The idea that the smartphone will become the remote control for modern living is not a new one. It’s expected that millions will soon be using their phone to pay for groceries and adjust the heating. At first, the idea that your central heating system could be hacked if it was connected seems amusing, but it becomes a whole lot less funny when you consider that it could provide a route to your bank details.
‘As we’ve seen the consumer going towards the connected world of IOT (Internet of Things) and wearables, new challenges in relation to security have arisen’ said AVG Technologies CTO Yuval Ben-Itzhak. ‘What we do goes beyond security – it’s about safety and control.’
AVG Technologies started as a computer anti-virus software business, but after seeing the opportunities in the smartphone market, began developing products specifically for mobile. Now the company believes that the Internet of Things and wearables markets present the next step. The existing level of complexity and diversity of operating systems means that approaching the security aspects of the world of IOT and wearables can often be a daunting task.
The US firm is hoping that it can provide the platform on which these different complexities can be securely understood through their products. AVG’s Zen software is designed to manage the protection of multiple connected devices through one portal. Ben-Itzhak continues: ‘We introduced AVG Zen focusing on the device itself, it acts as protection performance. The new version has more functionality and allows the user to assess the whole family’s devices. It also has information on the home. It’s about making use of the different devices too, the wearable can be used to get the user’s attention and then the action taken on the phone itself. We are trying to take all the complexity, tie it up, and put it together for the consumer.’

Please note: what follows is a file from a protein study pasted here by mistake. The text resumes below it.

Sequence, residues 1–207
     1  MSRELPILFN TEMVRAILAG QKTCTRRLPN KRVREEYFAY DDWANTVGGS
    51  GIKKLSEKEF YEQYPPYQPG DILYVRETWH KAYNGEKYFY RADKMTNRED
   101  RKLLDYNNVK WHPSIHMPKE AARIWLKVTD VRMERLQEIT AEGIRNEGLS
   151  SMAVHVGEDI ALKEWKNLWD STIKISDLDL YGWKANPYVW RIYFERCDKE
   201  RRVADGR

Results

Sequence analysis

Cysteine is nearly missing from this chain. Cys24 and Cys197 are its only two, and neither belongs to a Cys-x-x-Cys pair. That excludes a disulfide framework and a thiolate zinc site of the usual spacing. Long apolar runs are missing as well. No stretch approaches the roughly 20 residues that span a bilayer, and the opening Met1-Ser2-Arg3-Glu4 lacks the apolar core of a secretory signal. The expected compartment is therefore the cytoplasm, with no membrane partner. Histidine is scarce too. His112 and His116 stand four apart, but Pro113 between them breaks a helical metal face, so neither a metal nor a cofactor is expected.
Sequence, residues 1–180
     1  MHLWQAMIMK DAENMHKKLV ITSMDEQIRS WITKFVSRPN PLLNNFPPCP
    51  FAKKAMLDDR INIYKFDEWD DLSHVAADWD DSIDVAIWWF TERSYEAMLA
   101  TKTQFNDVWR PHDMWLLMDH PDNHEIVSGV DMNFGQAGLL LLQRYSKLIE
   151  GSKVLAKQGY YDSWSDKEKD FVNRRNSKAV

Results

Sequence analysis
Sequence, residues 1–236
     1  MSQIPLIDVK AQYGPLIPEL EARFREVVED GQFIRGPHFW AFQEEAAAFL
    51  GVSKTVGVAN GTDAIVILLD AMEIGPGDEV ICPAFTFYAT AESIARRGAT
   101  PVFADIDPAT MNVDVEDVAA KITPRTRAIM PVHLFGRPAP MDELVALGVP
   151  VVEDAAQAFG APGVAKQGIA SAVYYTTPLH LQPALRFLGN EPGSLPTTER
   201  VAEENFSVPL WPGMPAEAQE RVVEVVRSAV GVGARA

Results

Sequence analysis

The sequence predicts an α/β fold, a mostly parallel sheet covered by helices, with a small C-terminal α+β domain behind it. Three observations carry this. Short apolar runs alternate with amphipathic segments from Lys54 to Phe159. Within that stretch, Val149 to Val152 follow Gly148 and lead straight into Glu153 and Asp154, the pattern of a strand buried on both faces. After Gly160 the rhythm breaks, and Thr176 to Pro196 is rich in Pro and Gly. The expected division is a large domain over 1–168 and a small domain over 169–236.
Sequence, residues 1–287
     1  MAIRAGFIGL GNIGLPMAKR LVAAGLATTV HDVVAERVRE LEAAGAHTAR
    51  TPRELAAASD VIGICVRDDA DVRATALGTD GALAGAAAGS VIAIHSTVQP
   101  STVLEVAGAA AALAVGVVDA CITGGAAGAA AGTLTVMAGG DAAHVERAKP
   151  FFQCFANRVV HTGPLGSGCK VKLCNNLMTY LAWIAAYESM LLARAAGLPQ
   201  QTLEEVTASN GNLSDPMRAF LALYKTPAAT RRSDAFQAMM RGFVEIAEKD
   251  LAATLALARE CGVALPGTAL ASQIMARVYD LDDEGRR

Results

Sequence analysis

One area that has developed rapidly in the last few years has been cloud computing. Despite frequent reassurances that the technology was safe, a number of security issues have made some businesses question whether they need to assess just how secure these systems are.
Ben-Itzhak believes that many individuals and businesses have also been far too quick to place their trust in cloud-based services: ‘As businesses moved to the cloud they took the control away from their day-to-day operations. The big problem is that you shift the trust and there is a blind trust, an illusion of trust. You are handing over control to an outside party. These day’s malware can get into an office system through the cloud from a device.’